The curious alignments on Planet Earth: An introduction to sacred geometry

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By John F. Sase, Ph.D.

Gerard J. Senick, general editor
Julie G. Sase, copyeditor/researcher
William A. Gross, researcher

"All matter must be in a constant state of flux to ensure progress, for what was wrong yesterday might be right tomorrow."

-Henriette Mertz, U.S. Military code-breaker, World War II; U.S. Patent Attorney, Chicago, Illinois; and author of "The Mystic Symbol: Mark of the Michigan Mound Builders" (1986, Hayriver Press, 2004)

Our Journey Begins

Looking out of my kitchen window, I (Dr. Sase) saw two trees that have lived in my backyard for many years. These trees flank a cement-pedestal birdbath that I placed there a quarter of a century ago. In deciding where to put this birdbath, I measured the distance between the two trees and used that length to form an equilateral triangle. The trees secured two corners of this triangle, while the birdbath marked the third point. In effect, I took a phenomenon of nature-and the effort of a previous property owner-and combined them with a location of my own preference by using basic elements of ancient geometry to complete a simple relationship between human thought and the divine nature of triangles (e.g. the Trinity).

In our modern world, urban and regional site-selection, planning, design, and construction of edifices may not appear to reflect a divine process. However, in the ancient through medieval worlds, the divine often inspired such practical plans and actions in a way that conjoined with mystical aspects of ancient religions. The layout of a specific camp, village, or city often reflected the direction that an edifice faced at the time and place that the sun shined through a main entranceway or portal. The placement of ceremonial altars, fountains, and other edifices held great significance for the humans involved in the process. Herein lays the essence of the subject of this month's column, Sacred Geometry. A subset of General Geometry, Sacred Geometry is a metaphysical study of the nature and movement of the universe. Ancient and not-so ancient cultures-including those in Michigan and other parts of the Midwest-used this Geometry continuously in the design of sacred art and architecture. While producing aesthetics pleasing to the eye, Sacred Geometry also produced perfect acoustics for the ear. Such qualities inspire awe: for example, ritual chanting continues to move visitors to these sites deeply to our present day.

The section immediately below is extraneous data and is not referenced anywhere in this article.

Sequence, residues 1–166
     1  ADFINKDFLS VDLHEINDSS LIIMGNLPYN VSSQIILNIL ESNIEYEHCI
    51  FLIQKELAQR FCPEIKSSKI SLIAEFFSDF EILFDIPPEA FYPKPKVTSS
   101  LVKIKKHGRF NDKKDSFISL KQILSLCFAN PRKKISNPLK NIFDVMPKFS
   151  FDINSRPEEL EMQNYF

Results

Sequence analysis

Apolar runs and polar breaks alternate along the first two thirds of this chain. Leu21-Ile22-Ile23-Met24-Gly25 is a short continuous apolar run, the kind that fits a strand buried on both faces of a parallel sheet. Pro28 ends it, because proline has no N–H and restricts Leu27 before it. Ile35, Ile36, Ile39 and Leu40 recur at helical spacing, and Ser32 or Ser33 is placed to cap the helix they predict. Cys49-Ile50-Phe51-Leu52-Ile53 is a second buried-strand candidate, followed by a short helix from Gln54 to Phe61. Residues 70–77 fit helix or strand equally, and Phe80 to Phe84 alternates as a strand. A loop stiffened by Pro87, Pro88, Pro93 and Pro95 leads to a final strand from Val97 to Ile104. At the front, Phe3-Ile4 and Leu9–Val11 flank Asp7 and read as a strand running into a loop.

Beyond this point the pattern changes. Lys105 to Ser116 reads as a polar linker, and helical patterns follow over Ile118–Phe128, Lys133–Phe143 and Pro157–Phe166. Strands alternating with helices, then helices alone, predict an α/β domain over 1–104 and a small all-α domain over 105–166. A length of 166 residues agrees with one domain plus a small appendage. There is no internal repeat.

The construction of these holy places not only reflected the divine. Site-selections for these locations in relationship to one another often mirrored the alignment, crustal shift, and perceived movement of planets and stars in the heavens-(i.e., As Above, So Below). Our human desire to understand the cosmos extends from ages past. However, we possess few inscribed records from these ages except the ceremonial sites themselves and the geometry reflected within and among them.

Based on the writings of Plato, Pythagoras, and other early thinkers, the use of Sacred Geometry has waxed and waned multiple times over successive millennia of our epoch. In numerous areas of Planet Earth, the construction of temples, pyramids, stone circles, and ceremonial mounds transpired concurrently.

Furthermore, the use of this Geometry focused upon the movements of the sun, the moon, the planets of our solar system, and the stars of the galaxy beyond it for reasons that have extended from the purely pragmatic to the wholly spiritual. This application appears to hold true for most early cultures, ranging from the most traditional to the most advanced. In respect to the latter kind, let us consider this first example.

Many of us who value motion pictures of the past century have viewed and enjoyed the Franco Zeffirelli film "Brother Sun, Sister Moon" (Warner Brothers, 1972). The movie focuses on the spiritual transformation of Francesco and Clare of Assisi, Italy (later to become Saint Francis and Saint Clare) during the early Thirteenth Century. As Medieval Christians considered Mary, the mother of Jesus, as the moon, reflecting the Light of Her Son, so Clare represented Sister Moon, reflecting the light of Francis, Brother Sun. Note: During earlier times, Christians tended to identify Saint John the Baptist and Mary Magdalene as personifications of the sun and the moon. Resultantly, many holy sites of the time were dedicated to this pair.